In the past science was in the forefront of the public’s eye and interest, however, disappointingly this has changed especially since the 1950’s. American actor, author, director, screenwriter, and science enthusiast Alan Alda is on a mission to successfully alter this perception through his passionate rhetoric.
Co-founding the World Science Festival in New York and campaigning for the inclusion of communication courses in both under graduate and post graduate university studies, as well as writing plays about scientific giants like Albert Einstein and hosting the PBS series Scientific American Frontiers, are just some of the ongoing activities he’s engaged with.
It was inspirational to discover Doctor ‘Hawkeye’ Pierce from the smash hit comedy M*A*S*H and Presidential Candidate Senator Vinick in West Wing is also a celebrated and charismatic speaker. At eighty years of age his robust presence and mesmerizing address at the National Press Club in Canberra, Australia’s National Capital, was entertaining, informative and thought-provoking.
His dynamic wit, perfect timing, warm manner and humorous stories charmed the audience.
His natural ambiance and compelling delivery free of notes or cue cards left the audience awash with admiration and respect.
He is deeply committed to promoting science communication that is honest vivid and clear.
Encouraging scientists to reveal their own personalities and share their stories whilst delivering scientific information is a key in the communication training for emerging scientists.
He was also visiting Australia to formalise a partnership between the Alan Alda Centre for Communicating Science, based at New York’s Stony Brook University, and the Australian National University (ANU) in Canberra. The partnership with ANU fosters exchanges of staff, students and research between the two institutions.
He elaborated “when we started it was hard even to get people in our own university to put time aside for communication training of their own students.
Now you can’t graduate from some disciplines unless you take these communication courses, and universities and medical schools around the country are breaking down our doors trying to affiliate with us.”
Part of the courses involves improvisation classes.
This strategy supports scientists in preparing for how they will present their scientific message and how to relate to audiences.
These communication courses also help scientists to connect, converse and collaborate more effectively with colleagues in their own scientific disciplines.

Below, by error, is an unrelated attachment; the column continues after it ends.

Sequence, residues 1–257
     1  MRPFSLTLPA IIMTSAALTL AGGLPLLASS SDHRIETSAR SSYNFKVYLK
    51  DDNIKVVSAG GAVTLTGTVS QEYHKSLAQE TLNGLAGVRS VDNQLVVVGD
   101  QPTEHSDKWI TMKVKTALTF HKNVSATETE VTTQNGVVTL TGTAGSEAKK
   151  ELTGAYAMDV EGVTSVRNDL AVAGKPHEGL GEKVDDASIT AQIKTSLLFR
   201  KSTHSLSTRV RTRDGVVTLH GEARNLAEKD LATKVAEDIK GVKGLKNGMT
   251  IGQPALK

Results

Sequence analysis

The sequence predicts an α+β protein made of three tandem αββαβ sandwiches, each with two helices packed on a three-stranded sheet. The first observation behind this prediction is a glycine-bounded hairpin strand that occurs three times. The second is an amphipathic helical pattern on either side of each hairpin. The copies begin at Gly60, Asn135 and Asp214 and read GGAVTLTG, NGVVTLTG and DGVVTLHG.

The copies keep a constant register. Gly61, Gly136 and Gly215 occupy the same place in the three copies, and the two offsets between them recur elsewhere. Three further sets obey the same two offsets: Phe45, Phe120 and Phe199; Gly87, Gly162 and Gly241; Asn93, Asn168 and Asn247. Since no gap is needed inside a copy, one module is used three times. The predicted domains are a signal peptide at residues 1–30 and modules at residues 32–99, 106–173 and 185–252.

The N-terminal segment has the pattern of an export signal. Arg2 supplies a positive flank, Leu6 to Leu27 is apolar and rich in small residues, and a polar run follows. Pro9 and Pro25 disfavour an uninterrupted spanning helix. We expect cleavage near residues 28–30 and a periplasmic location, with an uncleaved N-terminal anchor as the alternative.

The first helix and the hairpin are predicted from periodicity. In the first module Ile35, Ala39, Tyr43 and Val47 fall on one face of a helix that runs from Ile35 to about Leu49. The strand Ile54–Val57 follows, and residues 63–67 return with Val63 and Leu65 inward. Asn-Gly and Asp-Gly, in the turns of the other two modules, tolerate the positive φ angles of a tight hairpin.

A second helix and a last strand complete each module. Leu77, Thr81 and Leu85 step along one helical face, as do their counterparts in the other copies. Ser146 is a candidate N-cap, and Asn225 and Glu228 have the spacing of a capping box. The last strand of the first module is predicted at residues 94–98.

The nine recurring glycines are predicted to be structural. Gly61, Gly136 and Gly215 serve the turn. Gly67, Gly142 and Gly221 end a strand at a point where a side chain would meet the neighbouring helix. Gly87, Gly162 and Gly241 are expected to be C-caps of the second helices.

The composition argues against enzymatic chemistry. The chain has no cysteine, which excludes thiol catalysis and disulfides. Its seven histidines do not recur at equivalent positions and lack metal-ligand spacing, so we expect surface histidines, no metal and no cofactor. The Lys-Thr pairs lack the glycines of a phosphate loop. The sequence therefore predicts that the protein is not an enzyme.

In addition scientists across the world are invited to participate in Flame Challenge.
Flame Challenge is an international competition where scientist’s answers to questions are appropriate for eleven year olds to understand.
To validate this outcome entries are judged by 5th and 6th grade children around the world.
What is Sound? This is the question that the Alan Alda Centre for Communicating Science, at Stony Brook University is challenging scientists to answer in written, video or graphic form for the ‘Flame Challenge’ for 2016.
Alda is a persuasive spokesperson for communicating authentic scientific information to the public and he strongly believes this information should not be dumbed down.
He wants the public to get excited about science. Where scientific concepts and jargon are too esoteric he believes journalists have a responsibility to incite interest and open doors to stimulate further investigation by those people curious to learn more.
It’s very important to celebrate scientific achievements and to be aware of the daunting scientific problems facing mankind today and in the future.
Issues such as vaccination, water availability, and environmental degradation need to be communicated with truth and not as propaganda for those with vested interests.
His eloquent dedication to influencing the public to be as proud of scientific heroes as sports and movie stars was infectious.
This important twenty first century direction needs more consistent powerful voicing.
“I’m telling you it’s contagious. It’s a great thing to see a really good brain at work solving problems. It’s one of the wonders of nature to me” said Alan Alda.
Recently Brisbane hosted the World Science Festival where some of the greatest contemporary minds in science and the arts attended.
This celebration of science, the arts and the performing arts was a coup for Brisbane.
It was the first time the World Science Festival had been held outside of New York.
At the World Science Festival in Brisbane Alan Alda presented a play, Dear Albert, based on letters written by Albert Einstein to significant women he was romantically involved with.
Alan Alda was inviting the audience into the life of Einstein as a foray into exploring his obsession with understanding the universe.
He believes it’s important to acknowledge human flaws as this helps to understand the whole person and famous scientists like us all are not without their faults.
Also this helps in communication where the science advocate allows the public to see the real person.
He used the analogy that art and science are long-lost lovers yearning to be reunited.
His practical application of using his playwriting skills to communicate scientific objectives is an example of this union.
We all ought to be heeding, reading, absorbing and valuing scientific information.
Alan Alda’s message is clear “science is a beautiful fascinating detective story.” We all need to be listening to the story.
Rose Niland, Special Features, The Culture Concept Circle, 2016